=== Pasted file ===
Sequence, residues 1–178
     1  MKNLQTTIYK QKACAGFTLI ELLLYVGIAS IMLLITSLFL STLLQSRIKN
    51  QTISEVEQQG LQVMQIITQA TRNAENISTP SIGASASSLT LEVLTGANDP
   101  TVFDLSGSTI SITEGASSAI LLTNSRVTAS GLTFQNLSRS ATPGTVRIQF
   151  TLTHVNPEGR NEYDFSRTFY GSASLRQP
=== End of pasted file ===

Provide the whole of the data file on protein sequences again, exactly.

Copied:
Sequence, residues 1–178
     1  MKNLQTTIYK QKACAGFTLI ELLLYVGIAS IMLLITSLFL STLLQSRIKN
    51  QTISEVEQQG LQVMQIITQA TRNAENISTP SIGASASSLT LEVLTGANDP
   101  TVFDLSGSTI SITEGASSAI LLTNSRVTAS GLTFQNLSRS ATPGTVRIQF
   151  TLTHVNPEGR NEYDFSRTFY GSASLRQP